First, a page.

The second, and probably more damning, problem is that I absolutely hated and despised Bella. Seriously. I just wanted to slug her. This is a girl as an empty vessel—her entire existence is meaningful only because of the others around her. She isn’t a real character in her own story.

After I finished reading I made a tactical error. I thought, well maybe the first book was just an introduction to the characters and background of the story. Maybe as Meyer’s overarching story matured and grew it would become more multidimensional. Maybe the secondary characters would get more time instead of the oh-so-irritating relationship between Bella and Edward. After all, The Sandman didn’t become indisputably brilliant until The Doll’s House. Buffy the Vampire Slayer didn’t really pick up until the second season. I thought, maybe I should give New Moon a chance.

Oh God was I wrong. 576 pages of whinging and whining later, and I can safely say that New Moon vies with The Da Vinci Code as the worst book I’ve ever read.

Bella went from annoying to insufferable. Edward decides to leave for Bella’s own safety (which he makes pretty clear) and she spends about 500 pages moping about why he doesn’t love her anymore. Granted, she’s a teenage girl and obviously immature and unworldly and emotional, but why would anyone want to read what amounts to hundreds of pages out of a teenager’s diary?

To break out of her depression she takes up extreme sports—sort of metaphoric self-mutilation for the adrenaline rush. And the part that appeals to Bella the most, the part that makes her keep nearly killing herself, is the fact that whenever she tries something dangerous she hears Edward’s voice in her head admonishing her behavior. In his absence, Edward has transformed from Bella’s self-appointed and omnipresent protector into literally her own conscience. She actually surrenders part of her own self to become him. If that’s not creepy and scary and absolutely anti-feminist, I don’t know what is.

What I find most interesting, and most frightening, is the popular reaction among women to these books. Girls’ infatuation with them I can understand, if not exactly like, because Twilight is a distillation of messages they are fed from the time they’re little about what a girl should and shouldn’t be and what a girl should hope for in life. But adult women are also obsessed with this story—more than one stranger excitedly asked me which part I was at while I read on the bus. I know it’s fantasy but the metaphors that fascinate our society often give hints to society’s hidden mores. What is it about a story in which the protagonist is so passive as to make her non-existent, whose love interest has complete control over her, in which messages about sexuality and relationships are troubling, to put it mildly—what is it about this book that attracts women so completely? I’ll try to theorize next post, and also try to explain why it scares the hell out of me.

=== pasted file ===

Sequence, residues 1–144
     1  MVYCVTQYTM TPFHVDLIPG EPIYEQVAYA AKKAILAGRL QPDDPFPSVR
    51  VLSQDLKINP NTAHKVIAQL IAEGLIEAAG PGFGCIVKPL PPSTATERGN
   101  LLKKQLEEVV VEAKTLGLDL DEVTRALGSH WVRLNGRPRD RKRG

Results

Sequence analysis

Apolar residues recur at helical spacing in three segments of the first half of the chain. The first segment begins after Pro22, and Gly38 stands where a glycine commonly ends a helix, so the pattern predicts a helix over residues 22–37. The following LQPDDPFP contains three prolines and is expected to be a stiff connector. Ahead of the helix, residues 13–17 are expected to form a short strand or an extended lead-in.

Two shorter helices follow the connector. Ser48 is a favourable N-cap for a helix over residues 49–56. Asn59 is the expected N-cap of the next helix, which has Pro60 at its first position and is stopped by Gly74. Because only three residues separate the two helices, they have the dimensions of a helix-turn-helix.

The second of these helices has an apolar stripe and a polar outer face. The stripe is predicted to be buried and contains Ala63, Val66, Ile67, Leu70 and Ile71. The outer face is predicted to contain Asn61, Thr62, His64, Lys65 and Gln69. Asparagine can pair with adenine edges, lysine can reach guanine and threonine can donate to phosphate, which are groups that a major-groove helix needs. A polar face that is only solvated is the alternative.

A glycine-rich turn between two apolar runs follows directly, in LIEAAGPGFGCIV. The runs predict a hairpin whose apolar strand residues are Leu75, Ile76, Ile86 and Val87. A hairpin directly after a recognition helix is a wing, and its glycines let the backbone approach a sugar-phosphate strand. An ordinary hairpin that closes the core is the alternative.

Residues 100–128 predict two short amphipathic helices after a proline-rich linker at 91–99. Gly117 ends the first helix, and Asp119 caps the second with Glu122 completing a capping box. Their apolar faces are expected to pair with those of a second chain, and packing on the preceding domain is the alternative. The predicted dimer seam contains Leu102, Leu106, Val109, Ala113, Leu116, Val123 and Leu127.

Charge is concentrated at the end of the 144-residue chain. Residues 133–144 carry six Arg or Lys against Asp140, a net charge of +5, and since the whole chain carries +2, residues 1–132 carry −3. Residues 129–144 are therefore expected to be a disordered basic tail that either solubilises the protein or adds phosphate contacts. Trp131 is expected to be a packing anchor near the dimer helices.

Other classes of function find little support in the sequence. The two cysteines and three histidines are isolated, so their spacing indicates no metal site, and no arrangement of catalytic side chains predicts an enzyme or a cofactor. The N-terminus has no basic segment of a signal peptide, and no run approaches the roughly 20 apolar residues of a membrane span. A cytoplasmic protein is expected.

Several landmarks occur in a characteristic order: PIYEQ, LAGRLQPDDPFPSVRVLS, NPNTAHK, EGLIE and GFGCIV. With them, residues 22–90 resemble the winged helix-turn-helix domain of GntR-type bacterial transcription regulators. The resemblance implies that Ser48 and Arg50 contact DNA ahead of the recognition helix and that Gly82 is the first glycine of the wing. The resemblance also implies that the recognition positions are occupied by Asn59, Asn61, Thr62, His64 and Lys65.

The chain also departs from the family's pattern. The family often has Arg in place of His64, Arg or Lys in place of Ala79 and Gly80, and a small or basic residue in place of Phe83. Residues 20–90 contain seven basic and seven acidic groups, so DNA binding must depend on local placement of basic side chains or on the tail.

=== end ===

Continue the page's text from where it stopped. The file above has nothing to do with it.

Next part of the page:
* * * * * *

While looking for a picture for Twilight I came across what may be the best blog ever–link below to my favourite page. Seriously. Visit it.

Harry Potter’s wand

•April 11, 2007 • 4 Comments


When I was in high school I took a class called Actor’s Craft. One of the monologues lying around was from a play called Equus by Peter Schaffer. A psychiatrist, Martin Dysart, is telling a colleague about a dream he’d had the night before. In it he’s a Mycenaean high priest presiding over a sacrificial ritual. In front of him stretches a line of children and as each approaches he is grabbed by assistant priests and thrown on an altar. Dysart, in a golden mask, then eviscerates the victim and casts his entrails upon the ground to be scried over by the assistants. The problem is that Dysart is beginning to feel “distinctly naseous” by the process and knows his face is turning green and sweaty behind the mask. He also knows that if the assistants realize this he’ll be the next across the altar. Again and again he cuts the children and soon he feels the mask begin to slip. The other priests can see his green pallor and grab him, throwing him across the altar… and then Dysart wakes up.